But! These effects are still very small in magnitude — a 25% increase may seem big, but the yearly risk of childhood leukemia is about 5 in 100,000, so in absolute terms the increase is limited. Moreover, the studies that make up this meta-analysis are subject to many of the issues this newsletter often concerns itself with — notably, the possibility of other differences across groups that relate to the outcome.
This pattern of small, inconsistent results moves across other settings. A study of occupational exposure to high levels of EMF in Switzerland shows no difference in overall cancer rates for groups with higher exposure, but maybe a hint of an increase in two kinds of cancer when exposure is very high. Again, though: the effects are statistically imprecise and subject to the concern that there might be other differences across the groups.
I could go on (a large study of children in Finland, for example), but the patterns in what we see in the data are consistent. With such a rare outcome, it’s hard to be precise about any conclusions, and in most cases we see largely reassuring results and occasionally a hint of a small relationship.
At best, this epidemiological evidence is inconclusive. It’s also complicated by the fact that there is no mechanistic reason to think this would be true, no animal model that would suggest a link. In some cases — like, say, aspartame — we can point to evidence showing that if mice are fed a diet entirely made up of this substance, they are more likely to have tumors. That doesn’t prove a link in humans consuming far lower doses (and, indeed, in that case such a link is pretty tenuous), but it at least generates a biological plausibility argument. Here, we do not have that. While that doesn’t rule out a link, it is another missing piece.
It is important to also say here that when concerns are raised about exposure, they are nearly always about exposure at high levels, to power lines or other environmental factors. The kind of exposure that comes out of household appliances (i.e. all your questions on white-noise machines) is much, much more minimal.
The question I typically get about this is along the lines of “Should I change where I live as a result of power lines?” Looking at the evidence, I would say no. The evidence base here for any link at all is weak, and even at the top end, any effects identified are extremely small.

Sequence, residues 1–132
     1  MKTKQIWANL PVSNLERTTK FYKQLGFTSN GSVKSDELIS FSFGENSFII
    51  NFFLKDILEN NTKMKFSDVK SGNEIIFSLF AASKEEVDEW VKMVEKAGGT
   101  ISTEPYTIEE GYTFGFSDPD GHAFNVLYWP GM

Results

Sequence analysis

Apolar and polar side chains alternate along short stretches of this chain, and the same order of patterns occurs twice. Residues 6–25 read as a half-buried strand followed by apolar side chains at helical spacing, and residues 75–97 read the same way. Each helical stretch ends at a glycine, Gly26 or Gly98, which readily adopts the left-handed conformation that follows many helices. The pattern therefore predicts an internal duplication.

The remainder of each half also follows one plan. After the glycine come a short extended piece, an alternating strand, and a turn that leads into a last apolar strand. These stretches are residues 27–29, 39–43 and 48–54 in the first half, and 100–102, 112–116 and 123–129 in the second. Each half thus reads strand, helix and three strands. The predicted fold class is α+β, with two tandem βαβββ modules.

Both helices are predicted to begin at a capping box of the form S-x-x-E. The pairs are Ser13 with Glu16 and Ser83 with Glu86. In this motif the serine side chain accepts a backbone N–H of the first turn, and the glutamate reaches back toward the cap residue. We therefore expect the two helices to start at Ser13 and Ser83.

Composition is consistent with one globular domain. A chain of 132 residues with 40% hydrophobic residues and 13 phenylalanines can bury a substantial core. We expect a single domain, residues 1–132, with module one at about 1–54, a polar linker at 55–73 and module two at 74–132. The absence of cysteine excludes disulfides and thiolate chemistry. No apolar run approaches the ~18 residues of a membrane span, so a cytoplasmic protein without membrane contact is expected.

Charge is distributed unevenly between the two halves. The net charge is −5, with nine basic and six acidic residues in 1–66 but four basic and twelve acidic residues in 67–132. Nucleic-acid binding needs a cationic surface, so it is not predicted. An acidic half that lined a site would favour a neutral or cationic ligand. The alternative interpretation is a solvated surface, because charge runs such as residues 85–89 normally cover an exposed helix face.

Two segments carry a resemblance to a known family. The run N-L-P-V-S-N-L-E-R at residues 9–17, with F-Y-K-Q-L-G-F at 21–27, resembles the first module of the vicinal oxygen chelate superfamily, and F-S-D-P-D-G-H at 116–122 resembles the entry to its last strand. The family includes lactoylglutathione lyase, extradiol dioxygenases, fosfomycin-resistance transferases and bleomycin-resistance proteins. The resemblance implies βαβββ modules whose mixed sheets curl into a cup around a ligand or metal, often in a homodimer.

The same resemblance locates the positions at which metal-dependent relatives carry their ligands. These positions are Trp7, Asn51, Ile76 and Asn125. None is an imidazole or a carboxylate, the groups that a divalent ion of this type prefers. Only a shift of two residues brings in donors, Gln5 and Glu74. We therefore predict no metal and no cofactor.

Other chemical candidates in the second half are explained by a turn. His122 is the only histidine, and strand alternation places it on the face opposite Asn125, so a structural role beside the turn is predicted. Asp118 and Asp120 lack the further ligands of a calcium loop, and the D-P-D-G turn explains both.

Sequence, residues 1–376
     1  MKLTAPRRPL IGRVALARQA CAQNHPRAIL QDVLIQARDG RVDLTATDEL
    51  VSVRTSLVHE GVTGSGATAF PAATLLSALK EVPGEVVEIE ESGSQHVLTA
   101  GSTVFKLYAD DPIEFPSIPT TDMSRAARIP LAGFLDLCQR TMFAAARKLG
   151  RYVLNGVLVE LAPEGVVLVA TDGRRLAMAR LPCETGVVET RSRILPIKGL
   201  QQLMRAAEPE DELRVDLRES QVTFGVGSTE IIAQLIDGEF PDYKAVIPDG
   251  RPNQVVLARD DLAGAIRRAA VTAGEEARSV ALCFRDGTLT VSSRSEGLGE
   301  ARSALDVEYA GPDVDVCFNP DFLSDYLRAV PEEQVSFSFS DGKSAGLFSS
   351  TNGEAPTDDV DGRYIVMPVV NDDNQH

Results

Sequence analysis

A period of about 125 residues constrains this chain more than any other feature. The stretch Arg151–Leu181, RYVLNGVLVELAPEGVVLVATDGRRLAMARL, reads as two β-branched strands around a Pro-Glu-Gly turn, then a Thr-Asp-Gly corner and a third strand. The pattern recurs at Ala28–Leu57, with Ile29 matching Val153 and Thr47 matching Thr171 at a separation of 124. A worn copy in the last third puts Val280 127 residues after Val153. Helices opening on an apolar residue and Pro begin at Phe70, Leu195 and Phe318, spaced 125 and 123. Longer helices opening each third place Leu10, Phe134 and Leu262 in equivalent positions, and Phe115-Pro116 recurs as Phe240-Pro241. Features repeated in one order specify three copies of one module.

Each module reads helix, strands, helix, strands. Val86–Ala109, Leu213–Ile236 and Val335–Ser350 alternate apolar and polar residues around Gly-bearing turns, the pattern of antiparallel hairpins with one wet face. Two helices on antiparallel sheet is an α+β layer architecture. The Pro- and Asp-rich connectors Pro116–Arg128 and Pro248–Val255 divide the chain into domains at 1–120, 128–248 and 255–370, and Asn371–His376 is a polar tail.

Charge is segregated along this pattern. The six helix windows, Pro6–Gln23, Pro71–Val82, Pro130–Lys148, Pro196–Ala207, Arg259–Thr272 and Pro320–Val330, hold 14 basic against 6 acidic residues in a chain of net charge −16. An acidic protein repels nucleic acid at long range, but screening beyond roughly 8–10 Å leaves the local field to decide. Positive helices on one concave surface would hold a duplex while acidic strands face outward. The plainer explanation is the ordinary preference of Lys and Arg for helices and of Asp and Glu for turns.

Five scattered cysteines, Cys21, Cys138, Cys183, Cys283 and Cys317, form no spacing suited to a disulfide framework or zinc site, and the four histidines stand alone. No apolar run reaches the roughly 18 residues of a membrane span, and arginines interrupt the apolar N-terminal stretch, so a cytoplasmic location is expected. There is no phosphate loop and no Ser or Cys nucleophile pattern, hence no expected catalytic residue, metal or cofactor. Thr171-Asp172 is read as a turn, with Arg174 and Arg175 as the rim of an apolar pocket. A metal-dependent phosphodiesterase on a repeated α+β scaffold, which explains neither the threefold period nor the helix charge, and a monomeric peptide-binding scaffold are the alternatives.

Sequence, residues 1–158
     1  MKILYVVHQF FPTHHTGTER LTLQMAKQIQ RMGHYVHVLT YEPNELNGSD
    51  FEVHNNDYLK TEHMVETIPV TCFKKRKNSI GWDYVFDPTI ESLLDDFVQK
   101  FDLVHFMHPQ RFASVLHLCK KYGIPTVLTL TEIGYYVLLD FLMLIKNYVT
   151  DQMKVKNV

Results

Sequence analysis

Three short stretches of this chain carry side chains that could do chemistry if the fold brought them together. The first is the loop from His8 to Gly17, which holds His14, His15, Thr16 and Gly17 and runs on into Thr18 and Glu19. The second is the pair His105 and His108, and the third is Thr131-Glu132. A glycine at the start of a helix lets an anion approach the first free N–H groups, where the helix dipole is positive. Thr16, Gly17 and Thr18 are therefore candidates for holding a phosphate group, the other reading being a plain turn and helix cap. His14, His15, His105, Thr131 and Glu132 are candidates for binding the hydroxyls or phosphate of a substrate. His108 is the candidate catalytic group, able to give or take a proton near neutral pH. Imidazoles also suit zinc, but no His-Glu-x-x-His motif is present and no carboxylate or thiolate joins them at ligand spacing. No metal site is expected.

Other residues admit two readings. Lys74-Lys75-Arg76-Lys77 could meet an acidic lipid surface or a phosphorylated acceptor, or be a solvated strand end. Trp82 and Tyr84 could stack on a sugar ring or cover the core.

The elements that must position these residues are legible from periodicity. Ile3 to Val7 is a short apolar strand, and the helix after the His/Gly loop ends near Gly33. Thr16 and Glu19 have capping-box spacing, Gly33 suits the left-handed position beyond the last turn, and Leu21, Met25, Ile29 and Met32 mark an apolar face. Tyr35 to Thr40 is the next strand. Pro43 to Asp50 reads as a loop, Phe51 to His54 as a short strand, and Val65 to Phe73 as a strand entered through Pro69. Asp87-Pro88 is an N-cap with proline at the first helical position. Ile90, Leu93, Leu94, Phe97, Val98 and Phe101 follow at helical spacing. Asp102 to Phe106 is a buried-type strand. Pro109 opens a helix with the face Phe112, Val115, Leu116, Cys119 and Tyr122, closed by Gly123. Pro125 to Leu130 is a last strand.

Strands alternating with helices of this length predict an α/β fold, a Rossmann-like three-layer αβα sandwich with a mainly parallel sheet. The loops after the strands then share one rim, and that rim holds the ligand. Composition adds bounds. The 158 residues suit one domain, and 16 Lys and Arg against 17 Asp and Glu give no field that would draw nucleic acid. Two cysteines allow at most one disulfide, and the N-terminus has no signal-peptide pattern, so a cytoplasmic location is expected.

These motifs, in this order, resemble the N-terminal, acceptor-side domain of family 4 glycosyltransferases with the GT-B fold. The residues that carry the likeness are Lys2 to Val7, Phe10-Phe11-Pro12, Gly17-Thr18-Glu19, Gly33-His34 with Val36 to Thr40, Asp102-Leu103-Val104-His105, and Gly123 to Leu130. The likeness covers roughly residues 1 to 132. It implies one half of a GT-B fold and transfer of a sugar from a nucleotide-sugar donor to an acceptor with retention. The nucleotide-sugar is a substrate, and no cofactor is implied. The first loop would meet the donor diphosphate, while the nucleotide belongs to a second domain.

Let us now turn to the question of whether cellphones cause brain cancer, which is the primary concern with that exposure. Below is a graph of cellphone subscriptions and brain cancer, from 2000 through 2019. (Brain cancer data is from the SEER registries, cellphone data from cell providers.)
I start with this graph because I think it pretty clearly illustrates why any really large link between these two variables is implausible. Cellphone usage has exploded over time; brain cancer rates have, if anything, declined. Now, before you comment angrily about statistics, I am aware that this isn’t dispositive. The timing is complicated — maybe a long period of cellphone usage is bad, and we might see more increases in the future. Or maybe people used cellphones less intensely in the past, or farther from their head. However: the basic overall fact that brain cancer has been declining slightly over the past 20 years makes the cellphone hypothesis quite unlikely.
There are some papers, and at least one meta-analysis, that have suggested that cellphone usage might be correlated with cancer incidence. These have come under a lot of scrutiny, though, and a lot of criticism. In particular, researchers have made a more formal version of the argument implied by the graph above — noting that if the effect sizes in some of these studies were true, they would imply wildly different overall trends in cancer incidence over time.
Bottom line: there is no reason to think your cellphone gives you cancer. It might be a good idea to spend less time on your phone (or less time doing what my children describe as “phone zombie-ing”), but this isn’t the reason why.